Will the Biden administration’s green book impact Estate Planning?

Following the recent tax proposals ensures advisors stay ahead of potential game-changing developments

A part of the Washington Policy series

The Biden administration recently released its tax proposals in the General Explanations of the Administration’s Fiscal Year 2022 Revenue Proposals – otherwise known as the “Green Book.”

The proposals categorize death, lifetime giving and exceeding maximum holding periods for assets in trust as recognition events for income tax purposes. If approved, these proposals would have a dramatic impact on estate planning for high-net-worth (HNW) individuals. For example, gifts and transfers at death would become recognition events. And the recognition of gain on transfers to and from trusts as well as a periodic recognition of gain for assets held in trusts that reach maximum holding periods. The resulting income tax liability would be in addition to potential gift, estate and generation skipping transfer taxes.

Of course, there are several exclusions to the recognition of gains within the new proposals including exclusions for tangible property, principal residence, qualified small business stock (QSBS) and surviving spouses. For additional details on the exclusions included, please refer to the article, “The Estate Planning Implications of Biden’s Recently Issued Green Book.”

Deferrals and valuation rules

President Biden’s proposal allows for a 15-year payment plan on the tax liability for all non-liquid assets and allows for an indefinite deferral for family-owned and operated businesses that will only be due when it’s no longer family-owned and operated. Regarding valuations, the fair market value for recognition purposes will be the same value used for estate and gift tax purposes.

However, “a transferred partial interest would be its proportional share of the fair market value of the entire property.” This stipulation will need to be addressed by advisors as it may impact the application of valuation discounts during transfers.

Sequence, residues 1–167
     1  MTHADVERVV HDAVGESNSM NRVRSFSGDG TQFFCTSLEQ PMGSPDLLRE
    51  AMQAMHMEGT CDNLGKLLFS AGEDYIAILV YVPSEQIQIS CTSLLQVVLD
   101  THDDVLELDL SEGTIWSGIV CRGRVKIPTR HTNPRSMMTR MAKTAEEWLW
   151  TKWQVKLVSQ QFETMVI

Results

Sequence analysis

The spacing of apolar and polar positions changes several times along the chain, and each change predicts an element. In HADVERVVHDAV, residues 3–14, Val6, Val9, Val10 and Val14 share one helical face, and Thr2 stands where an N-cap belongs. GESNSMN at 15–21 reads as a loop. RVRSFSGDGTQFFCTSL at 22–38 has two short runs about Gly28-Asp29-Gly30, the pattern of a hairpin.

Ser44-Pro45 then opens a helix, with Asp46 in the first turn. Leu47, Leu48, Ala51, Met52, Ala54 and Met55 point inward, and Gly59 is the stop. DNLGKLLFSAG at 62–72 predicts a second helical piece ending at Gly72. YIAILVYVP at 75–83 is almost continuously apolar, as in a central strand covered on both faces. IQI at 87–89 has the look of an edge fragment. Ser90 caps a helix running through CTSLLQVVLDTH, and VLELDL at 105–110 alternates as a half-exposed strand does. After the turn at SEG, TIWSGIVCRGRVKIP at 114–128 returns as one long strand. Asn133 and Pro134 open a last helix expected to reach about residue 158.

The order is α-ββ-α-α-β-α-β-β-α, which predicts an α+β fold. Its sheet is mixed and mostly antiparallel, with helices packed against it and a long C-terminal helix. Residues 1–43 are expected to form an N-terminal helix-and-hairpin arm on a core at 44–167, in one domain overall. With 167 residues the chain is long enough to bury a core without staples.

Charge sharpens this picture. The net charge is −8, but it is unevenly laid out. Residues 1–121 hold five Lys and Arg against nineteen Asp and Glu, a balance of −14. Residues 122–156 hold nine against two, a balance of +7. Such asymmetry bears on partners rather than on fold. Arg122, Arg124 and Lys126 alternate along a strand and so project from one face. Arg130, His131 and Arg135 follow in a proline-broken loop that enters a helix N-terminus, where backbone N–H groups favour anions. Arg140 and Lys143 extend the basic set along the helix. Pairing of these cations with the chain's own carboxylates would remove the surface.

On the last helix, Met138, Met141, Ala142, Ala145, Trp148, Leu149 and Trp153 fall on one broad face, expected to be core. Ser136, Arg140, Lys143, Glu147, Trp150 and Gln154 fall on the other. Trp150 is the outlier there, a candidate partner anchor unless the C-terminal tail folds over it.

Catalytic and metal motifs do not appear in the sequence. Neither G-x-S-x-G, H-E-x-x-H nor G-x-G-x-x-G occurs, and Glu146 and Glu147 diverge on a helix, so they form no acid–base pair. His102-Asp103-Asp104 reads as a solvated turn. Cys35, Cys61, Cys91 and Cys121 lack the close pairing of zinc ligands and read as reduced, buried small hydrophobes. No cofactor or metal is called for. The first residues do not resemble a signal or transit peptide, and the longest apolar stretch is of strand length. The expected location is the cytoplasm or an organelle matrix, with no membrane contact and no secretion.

Regarding the timing for the potential changes, the proposal calls for gain recognition provisions to apply for all gifts and deaths occurring in 2022 or later.

The Biden proposal would limit the benefits and flexibility of planning with intentionally defective grantor trusts (IDGTs). The treatment of transactions between the grantor as nonrecognition events will be impacted as the Biden proposal treats these transfers as recognition events.

For trusts that include assets that are sold periodically, the administration’s proposals shouldn’t create significant tax issues. However, trusts that hold real estate or closely-held businesses, may have a considerable liability. With the potential tax increases as well as more robust reporting obligations found in the Biden proposal, developing a comprehensive estate planning strategy is more critical than ever.

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The views expressed in the article are those of the author and/or person interviewed and do not necessarily reflect the views of Silicon Valley Bank, a division of First-Citizens Bank and First Citizens BancShares, Inc. The materials on this website are for informational purposes only, are subject to change and do not take into account your particular investment objective, financial situation or need. Since each client’s situation is unique, you should consult your financial advisor and/or tax planning professional before acting on any information provided herein.